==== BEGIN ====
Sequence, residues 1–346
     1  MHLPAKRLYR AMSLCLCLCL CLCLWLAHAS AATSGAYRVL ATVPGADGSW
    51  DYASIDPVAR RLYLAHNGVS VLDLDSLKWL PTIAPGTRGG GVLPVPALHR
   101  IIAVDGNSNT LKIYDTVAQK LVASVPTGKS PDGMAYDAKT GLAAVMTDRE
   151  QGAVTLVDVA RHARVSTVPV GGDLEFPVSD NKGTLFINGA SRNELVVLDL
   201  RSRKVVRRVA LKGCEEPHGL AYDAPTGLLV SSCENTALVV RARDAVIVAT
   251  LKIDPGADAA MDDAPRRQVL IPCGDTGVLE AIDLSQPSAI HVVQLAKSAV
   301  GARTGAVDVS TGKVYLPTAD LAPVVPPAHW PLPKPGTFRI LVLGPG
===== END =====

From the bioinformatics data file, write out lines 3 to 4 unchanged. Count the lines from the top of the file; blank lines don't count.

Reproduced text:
    51  DYASIDPVAR RLYLAHNGVS VLDLDSLKWL PTIAPGTRGG GVLPVPALHR
   101  IIAVDGNSNT LKIYDTVAQK LVASVPTGKS PDGMAYDAKT GLAAVMTDRE